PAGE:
cheltenham chamber of citizens
The Shocking Truth about Backyard Mosquito Control
And Better Alternatives
by Judith Gratz, Environmental Education Specialist
This information is a simplified presentation of what the independent experts have found. To have a sustainable Cheltenham we need to heed the warnings the scientists provide us, and know the alternatives that are available - the BMPs (Best Management Practices). To read the article in its entirety go to https://mygreenmontgomery.org/2020/an-interview-with-experts-are-backyard-mosquito-sprays-safe-and-effective/
Keep in mind, the goal is control, not eradication.
It’s shocking to learn what a low percentage of mosquitoes are killed by the sprayed chemicals the commercial companies sell, and what a high number of beneficial insects are killed! Basically, the mosquito spraying that we see advertised with lawn signs does little to control mosquitoes, but kills bees, butterflies, and other pollinators, and birds that eat these. The ingredients in the spray are also potentially harmful to mammals, which includes us and our pets.
It’s helpful to know the lifecycle of mosquitoes, and what you might do at each stage to control them. Mosquitoes have a complete life metamorphosis: egg, larva, pupa, and adult.
YOU CAN USE
* Poisons: just not safe or sustainable (a future article will explain the “pesticide treadmill”)
* No to Bug Zappers. They attract and kill many kinds of insects, including pollinators. They can even kill the predators that feed on the mosquitoes and moths.
* No to Carbon dioxide-producing traps. They will attract mosquitoes from beyond your yard so you’ll end up with more mosquitoes, and they won’t all get trapped. Other insects, often beneficial ones can get caught in these traps. And mosquitoes prefer us anyway.
* Use DEET on your clothing
* Use mosquito repellent on your skin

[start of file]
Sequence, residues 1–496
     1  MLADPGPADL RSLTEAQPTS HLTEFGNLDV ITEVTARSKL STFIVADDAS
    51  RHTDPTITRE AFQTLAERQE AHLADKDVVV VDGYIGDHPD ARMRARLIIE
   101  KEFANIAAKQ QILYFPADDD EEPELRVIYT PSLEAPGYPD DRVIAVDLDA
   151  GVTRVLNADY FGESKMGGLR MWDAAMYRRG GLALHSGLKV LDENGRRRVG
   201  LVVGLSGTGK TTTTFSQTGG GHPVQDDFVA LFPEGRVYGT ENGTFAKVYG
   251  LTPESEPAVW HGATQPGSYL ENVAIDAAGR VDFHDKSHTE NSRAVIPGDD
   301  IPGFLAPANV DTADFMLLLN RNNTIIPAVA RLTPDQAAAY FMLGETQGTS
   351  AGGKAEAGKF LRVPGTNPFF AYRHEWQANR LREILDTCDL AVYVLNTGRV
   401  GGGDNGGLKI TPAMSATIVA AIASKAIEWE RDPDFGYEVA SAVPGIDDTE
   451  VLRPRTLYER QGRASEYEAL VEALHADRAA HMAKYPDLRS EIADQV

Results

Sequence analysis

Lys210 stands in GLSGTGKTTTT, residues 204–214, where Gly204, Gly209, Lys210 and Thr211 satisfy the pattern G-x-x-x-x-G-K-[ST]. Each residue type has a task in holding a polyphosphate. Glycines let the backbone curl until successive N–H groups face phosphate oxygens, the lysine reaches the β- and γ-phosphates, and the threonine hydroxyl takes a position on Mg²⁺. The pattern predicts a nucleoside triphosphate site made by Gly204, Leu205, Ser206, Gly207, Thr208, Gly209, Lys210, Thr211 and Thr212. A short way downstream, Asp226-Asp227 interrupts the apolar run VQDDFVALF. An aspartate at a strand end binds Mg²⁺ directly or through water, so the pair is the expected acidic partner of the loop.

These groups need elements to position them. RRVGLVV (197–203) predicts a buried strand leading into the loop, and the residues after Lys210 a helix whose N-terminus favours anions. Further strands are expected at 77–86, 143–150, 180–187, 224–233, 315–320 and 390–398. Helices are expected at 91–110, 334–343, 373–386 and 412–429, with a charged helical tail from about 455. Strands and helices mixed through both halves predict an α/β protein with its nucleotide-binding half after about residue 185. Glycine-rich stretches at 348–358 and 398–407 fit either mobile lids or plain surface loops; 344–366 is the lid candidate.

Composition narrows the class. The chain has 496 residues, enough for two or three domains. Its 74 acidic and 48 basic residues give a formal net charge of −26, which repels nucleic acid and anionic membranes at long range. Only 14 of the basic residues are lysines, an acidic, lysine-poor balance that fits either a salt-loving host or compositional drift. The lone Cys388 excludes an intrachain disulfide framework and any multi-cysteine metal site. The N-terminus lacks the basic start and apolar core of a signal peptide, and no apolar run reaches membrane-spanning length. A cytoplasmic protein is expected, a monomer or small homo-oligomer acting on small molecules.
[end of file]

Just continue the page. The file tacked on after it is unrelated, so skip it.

* Eucalyptus oil or other oils may work
* Try Avon Skin-So-Soft on your skin; it works for some people
* Make sure screens have no holes
* Set up a screened canopy in which to sit
* Run a fan to keep mosquitoes away; they don’t like to fly in wind
* Use LED lights
* Keep your grass cut so they don’t have hiding places (but not shorter than 3”)
* When working outdoors, cover up as much as possible
* Be aware than many mosquito species are active dusk to dawn, so plan accordingly
The adults lay their eggs in “rafts” in standing water. If you have standing water on your property there are a number of BMPs from which to choose.
Commercial pumps that keep water moving: fountain pumps, pond pumps, waterfall pumps, are a few examples. And they are not outrageously expensive. If mosquitoes don’t lay eggs in your water, or if the egg rafts are filtered out of the water, you’ve solved part of the problem.
Turkey baster: You can find and remove smaller quantities of standing water, such as any found in tire swings or other play equipment, holes in trees, troughs, etc., using this simple kitchen tool.
Rain gutter adjustment: Another place to check (or have checked for you), are your rain gutters. If they are not properly angled they will become breeding ground for mosquitoes.
Once the eggs hatch, larvae emerge. They are often called “wrigglers”, they live below the surface of the water, and they put siphons (breathing tubes), above the water to get air. They are quite vulnerable at this stage. The safest and most effective way to deal with these is to drop BTI dunks or bits into the water. BTI is Bacillus thuringiensis israelensis, and Primex sells them. BTI kills the larvae but does not harm fish, frogs, pets, birds, or you. Read the directions and follow them for excellent results. Use in Koi ponds, rain barrels, bird baths, troughs, etc. You can use the bits or you can use dish soap or vinegar in small places. Use dunks in larger bodies of water.
When the larvae pupate they are still under water near the surface. At this stage they are known as “tumblers” because their movement looks like they are tumbling to propel themselves. Pupae do not eat; they rely on stored food the larvae ate. Inside their skin they are changing into adults.
Once adults merge they feed on plant nectar. But females need a blood meal to produce eggs. And the carbon dioxide we exhale attracts them! There are numerous ways to safely deal with the females that don’t involve poisons. Here is a list:
What to avoid: